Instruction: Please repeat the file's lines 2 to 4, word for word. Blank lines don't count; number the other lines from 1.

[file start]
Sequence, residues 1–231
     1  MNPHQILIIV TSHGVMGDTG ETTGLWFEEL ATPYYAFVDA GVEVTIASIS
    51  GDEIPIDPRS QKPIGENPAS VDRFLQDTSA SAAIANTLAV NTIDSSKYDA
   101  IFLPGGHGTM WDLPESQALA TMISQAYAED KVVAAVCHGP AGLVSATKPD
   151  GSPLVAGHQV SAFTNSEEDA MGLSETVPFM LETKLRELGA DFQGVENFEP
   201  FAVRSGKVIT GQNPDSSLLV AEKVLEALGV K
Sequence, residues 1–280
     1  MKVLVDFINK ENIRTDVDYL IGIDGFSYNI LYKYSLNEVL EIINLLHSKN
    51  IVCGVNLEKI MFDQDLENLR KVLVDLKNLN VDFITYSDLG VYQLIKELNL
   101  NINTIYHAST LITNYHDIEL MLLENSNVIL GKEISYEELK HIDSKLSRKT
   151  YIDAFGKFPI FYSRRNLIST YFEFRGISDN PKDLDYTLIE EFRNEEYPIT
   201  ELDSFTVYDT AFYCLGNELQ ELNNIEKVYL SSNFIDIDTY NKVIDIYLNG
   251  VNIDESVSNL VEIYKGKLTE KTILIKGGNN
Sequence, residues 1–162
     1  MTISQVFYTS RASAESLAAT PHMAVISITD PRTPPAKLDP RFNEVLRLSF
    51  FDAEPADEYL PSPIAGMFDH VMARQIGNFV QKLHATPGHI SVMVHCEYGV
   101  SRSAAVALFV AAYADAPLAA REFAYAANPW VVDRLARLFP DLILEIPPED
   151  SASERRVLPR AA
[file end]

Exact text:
     1  MNPHQILIIV TSHGVMGDTG ETTGLWFEEL ATPYYAFVDA GVEVTIASIS
    51  GDEIPIDPRS QKPIGENPAS VDRFLQDTSA SAAIANTLAV NTIDSSKYDA
   101  IFLPGGHGTM WDLPESQALA TMISQAYAED KVVAAVCHGP AGLVSATKPD